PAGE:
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Poetry of Attention in the Eighteenth Century
 
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Poetry of Attention in the Eighteenth Century
 
 
Palgrave Macmillan
 
 
 
 
 
 
16 Nov 2012
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£58.00
|Hardback Print on Demand
  
9781137031129
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DescriptionReviewsContentsAuthors

Poetry of Attention in the Eighteenth Century identifies a pervasive cultivation of attention in eighteenth-century poetry. The book argues that a plea from a 1692 ode by William Congreve–'Let me be all, but my attention, dead'–embodies a wider aspiration in the period's poetry to explore overt themes of attention and demonstrate techniques of readerly attention. It historicizes eighteenth-century accounts of attention and pioneers a link between the period's poetry and recent discussions of attention in cognitive psychology. It contributes to the largely neglected history of a psychological trait that has assumed a recent cultural urgency, and it repositions eighteenth-century poems as a collective model for assiduous reading and supple, wide-ranging attention.


Description

Poetry of Attention in the Eighteenth Century identifies a pervasive cultivation of attention in eighteenth-century poetry. The book argues that a plea from a 1692 ode by William Congreve–'Let me be all, but my attention, dead'–embodies a wider aspiration in the period's poetry to explore overt themes of attention and demonstrate techniques of readerly attention. It historicizes eighteenth-century accounts of attention and pioneers a link between the period's poetry and recent discussions of attention in cognitive psychology. It contributes to the largely neglected history of a psychological trait that has assumed a recent cultural urgency, and it repositions eighteenth-century poems as a collective model for assiduous reading and supple, wide-ranging attention.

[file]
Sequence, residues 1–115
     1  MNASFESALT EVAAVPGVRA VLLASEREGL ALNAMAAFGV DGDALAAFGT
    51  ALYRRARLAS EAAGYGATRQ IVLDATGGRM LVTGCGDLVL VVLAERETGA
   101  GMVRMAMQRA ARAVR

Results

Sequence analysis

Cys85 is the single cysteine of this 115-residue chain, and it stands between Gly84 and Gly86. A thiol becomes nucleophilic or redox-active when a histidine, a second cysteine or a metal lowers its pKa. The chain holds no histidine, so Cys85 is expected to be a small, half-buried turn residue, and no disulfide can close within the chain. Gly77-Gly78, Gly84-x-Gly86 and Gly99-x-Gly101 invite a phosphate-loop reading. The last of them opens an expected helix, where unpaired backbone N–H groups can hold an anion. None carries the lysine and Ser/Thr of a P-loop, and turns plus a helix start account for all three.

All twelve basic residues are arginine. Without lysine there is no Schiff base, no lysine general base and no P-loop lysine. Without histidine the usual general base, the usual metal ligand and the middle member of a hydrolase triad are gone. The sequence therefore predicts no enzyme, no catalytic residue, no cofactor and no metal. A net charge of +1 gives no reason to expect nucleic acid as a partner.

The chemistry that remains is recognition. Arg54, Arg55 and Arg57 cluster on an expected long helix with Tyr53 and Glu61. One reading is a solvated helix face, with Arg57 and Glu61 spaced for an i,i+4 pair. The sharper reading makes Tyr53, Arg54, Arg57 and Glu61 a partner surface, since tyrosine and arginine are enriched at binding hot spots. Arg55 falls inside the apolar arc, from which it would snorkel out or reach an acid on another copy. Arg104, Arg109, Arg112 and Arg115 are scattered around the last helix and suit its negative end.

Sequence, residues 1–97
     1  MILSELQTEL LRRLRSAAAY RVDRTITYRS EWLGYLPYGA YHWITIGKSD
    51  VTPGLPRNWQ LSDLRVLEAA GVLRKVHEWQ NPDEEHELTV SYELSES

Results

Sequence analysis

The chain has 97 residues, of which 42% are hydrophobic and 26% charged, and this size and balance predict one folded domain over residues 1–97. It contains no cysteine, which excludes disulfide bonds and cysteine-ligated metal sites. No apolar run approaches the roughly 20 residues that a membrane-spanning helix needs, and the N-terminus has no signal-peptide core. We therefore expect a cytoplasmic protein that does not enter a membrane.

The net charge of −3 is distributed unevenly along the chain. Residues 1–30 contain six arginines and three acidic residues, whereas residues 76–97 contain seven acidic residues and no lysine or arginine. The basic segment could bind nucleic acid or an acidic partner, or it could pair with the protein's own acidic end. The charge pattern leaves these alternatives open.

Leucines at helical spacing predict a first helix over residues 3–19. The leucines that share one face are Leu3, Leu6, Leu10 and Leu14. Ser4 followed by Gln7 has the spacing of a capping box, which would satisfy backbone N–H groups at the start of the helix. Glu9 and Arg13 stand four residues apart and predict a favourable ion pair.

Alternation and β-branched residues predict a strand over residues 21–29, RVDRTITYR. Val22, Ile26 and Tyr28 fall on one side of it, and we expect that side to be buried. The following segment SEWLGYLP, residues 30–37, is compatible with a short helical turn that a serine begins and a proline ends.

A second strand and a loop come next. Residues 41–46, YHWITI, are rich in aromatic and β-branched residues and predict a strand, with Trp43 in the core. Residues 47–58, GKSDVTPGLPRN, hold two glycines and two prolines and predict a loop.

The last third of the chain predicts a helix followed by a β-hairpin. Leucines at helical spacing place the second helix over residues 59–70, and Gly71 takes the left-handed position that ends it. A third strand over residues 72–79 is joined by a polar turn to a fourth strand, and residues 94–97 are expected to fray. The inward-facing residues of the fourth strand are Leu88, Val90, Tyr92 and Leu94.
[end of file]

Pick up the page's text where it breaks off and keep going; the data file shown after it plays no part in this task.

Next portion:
Reviews


Contents

Introduction: 'Let me be all, but my attention, dead'
History and Theory of Attention in the Eighteenth Century
The Filter of Attention and Indissoluble Attractors in Eighteenth-Century Mock-Heroic Poetry
Multiple Sensory Modalities of Attention
Landscape Poetry I: The Discovery of Receptivity
Landscape Poetry II: The Practice of Receptivity
Cowper's Task of Attention
Odes of Absorption
'Attention is everywhere'


Authors

Margaret Koehler is an associate professor of English at Otterbein University in Westerville, OH. She has published essays in Modern Philology, Studies in English Literature, and Blackwell's A Companion to Eighteenth-Century Poetry.